Dental Apprentice at Swinton Dental Centre
As a member of the LGBT+ community myself I know that some people haven’t always felt welcomed in the past, so myself and my workplace put together a process for how to approach the situation. For example always respecting patient’s pronouns and name without question. I feel that if you educate yourself with the understanding and knowledge required then patients will always return and most importantly, return with a smile and not feel threatened or incorrectly treated. This is important to our team as we follow the General Dental Council standards to the best of our abilities by always offering support to those who require it.
I have noticed that once patients feel understood they start to confide in us and open up, not only about dental issues but also home life as well. As they start to feel listened to, this builds a good staff and patient relationship, which is important for the sense of feeling welcomed.
One way in which positive change has been put in place with the support of Pride in Practice is always having helpline numbers available for patients. We also amend patient medical history forms to be inclusive for the LGBT+ community.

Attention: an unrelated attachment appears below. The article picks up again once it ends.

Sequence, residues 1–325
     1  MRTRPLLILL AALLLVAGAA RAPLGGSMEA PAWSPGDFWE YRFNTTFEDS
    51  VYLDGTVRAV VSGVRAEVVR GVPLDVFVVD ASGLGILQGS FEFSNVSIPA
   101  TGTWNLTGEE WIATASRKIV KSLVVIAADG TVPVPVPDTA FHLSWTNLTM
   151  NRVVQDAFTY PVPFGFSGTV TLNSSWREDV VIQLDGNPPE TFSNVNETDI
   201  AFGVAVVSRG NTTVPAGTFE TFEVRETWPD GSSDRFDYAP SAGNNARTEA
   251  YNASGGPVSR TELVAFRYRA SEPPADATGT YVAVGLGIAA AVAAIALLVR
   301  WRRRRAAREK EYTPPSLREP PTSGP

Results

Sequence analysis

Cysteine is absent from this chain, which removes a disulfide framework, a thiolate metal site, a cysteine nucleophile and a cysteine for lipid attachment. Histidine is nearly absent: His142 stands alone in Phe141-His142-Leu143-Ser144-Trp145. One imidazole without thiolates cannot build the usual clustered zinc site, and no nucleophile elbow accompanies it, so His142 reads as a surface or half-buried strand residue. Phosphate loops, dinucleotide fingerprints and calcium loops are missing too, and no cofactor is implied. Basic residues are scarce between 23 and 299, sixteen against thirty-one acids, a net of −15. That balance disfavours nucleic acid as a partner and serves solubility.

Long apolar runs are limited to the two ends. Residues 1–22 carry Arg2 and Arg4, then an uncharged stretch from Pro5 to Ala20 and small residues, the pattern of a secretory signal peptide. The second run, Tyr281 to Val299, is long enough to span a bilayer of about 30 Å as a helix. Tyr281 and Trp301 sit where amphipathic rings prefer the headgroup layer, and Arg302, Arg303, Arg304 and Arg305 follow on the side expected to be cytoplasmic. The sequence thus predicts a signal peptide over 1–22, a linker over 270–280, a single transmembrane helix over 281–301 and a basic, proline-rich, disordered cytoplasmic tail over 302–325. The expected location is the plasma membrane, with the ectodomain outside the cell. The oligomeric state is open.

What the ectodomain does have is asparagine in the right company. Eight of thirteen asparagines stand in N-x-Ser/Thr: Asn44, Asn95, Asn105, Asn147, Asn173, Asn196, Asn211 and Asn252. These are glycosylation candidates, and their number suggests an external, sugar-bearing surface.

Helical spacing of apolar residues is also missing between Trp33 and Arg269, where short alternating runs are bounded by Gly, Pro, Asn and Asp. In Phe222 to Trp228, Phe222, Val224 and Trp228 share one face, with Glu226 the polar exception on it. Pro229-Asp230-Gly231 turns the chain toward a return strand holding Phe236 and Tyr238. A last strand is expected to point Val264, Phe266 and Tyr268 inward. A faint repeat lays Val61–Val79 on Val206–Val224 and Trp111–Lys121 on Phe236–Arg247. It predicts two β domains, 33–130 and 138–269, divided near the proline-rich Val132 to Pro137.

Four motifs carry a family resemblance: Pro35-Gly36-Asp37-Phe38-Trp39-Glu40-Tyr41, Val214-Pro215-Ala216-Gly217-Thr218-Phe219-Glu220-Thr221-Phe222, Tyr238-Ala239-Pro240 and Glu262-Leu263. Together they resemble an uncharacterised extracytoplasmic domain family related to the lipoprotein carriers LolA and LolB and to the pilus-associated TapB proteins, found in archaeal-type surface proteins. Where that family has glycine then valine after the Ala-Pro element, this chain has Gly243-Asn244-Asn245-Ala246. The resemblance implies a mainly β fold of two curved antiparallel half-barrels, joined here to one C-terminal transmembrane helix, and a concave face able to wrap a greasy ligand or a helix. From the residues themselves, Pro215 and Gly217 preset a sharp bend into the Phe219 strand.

We understand that some patients haven’t officially “come out” to people close to them. They may be uncomfortable talking about some things face-to-face so we have placed LGBT posters in the toilets where patients can take note of useful information without feeling watched or judged.
I also feel that to promote LGBT awareness at a local level we need to support the younger community. We need to educate young people as they will be the leaders of tomorrow and the cycle of LGBT+ discrimination needs to change.
It is important to offer support for anyone who feels they need to hide who they truly are, in order that they may grow stronger and we are in a good position to be able to help promote and develop that growth.